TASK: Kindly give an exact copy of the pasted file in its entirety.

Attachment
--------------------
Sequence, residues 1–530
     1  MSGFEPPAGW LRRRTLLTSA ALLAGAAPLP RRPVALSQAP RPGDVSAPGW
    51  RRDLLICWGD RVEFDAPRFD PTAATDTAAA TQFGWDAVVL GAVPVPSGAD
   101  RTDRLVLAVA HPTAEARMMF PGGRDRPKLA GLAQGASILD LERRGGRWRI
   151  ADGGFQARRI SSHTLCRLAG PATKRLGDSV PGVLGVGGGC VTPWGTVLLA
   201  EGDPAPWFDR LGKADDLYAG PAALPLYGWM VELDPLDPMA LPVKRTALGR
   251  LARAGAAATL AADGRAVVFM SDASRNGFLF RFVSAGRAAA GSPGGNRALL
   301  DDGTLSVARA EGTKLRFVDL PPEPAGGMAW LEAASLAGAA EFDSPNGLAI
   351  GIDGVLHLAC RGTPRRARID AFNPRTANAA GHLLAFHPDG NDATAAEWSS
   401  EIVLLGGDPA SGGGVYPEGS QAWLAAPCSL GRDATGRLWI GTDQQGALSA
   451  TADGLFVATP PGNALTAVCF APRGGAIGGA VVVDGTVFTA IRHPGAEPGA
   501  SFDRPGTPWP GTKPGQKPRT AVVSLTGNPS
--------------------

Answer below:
Sequence, residues 1–530
     1  MSGFEPPAGW LRRRTLLTSA ALLAGAAPLP RRPVALSQAP RPGDVSAPGW
    51  RRDLLICWGD RVEFDAPRFD PTAATDTAAA TQFGWDAVVL GAVPVPSGAD
   101  RTDRLVLAVA HPTAEARMMF PGGRDRPKLA GLAQGASILD LERRGGRWRI
   151  ADGGFQARRI SSHTLCRLAG PATKRLGDSV PGVLGVGGGC VTPWGTVLLA
   201  EGDPAPWFDR LGKADDLYAG PAALPLYGWM VELDPLDPMA LPVKRTALGR
   251  LARAGAAATL AADGRAVVFM SDASRNGFLF RFVSAGRAAA GSPGGNRALL
   301  DDGTLSVARA EGTKLRFVDL PPEPAGGMAW LEAASLAGAA EFDSPNGLAI
   351  GIDGVLHLAC RGTPRRARID AFNPRTANAA GHLLAFHPDG NDATAAEWSS
   401  EIVLLGGDPA SGGGVYPEGS QAWLAAPCSL GRDATGRLWI GTDQQGALSA
   451  TADGLFVATP PGNALTAVCF APRGGAIGGA VVVDGTVFTA IRHPGAEPGA
   501  SFDRPGTPWP GTKPGQKPRT AVVSLTGNPS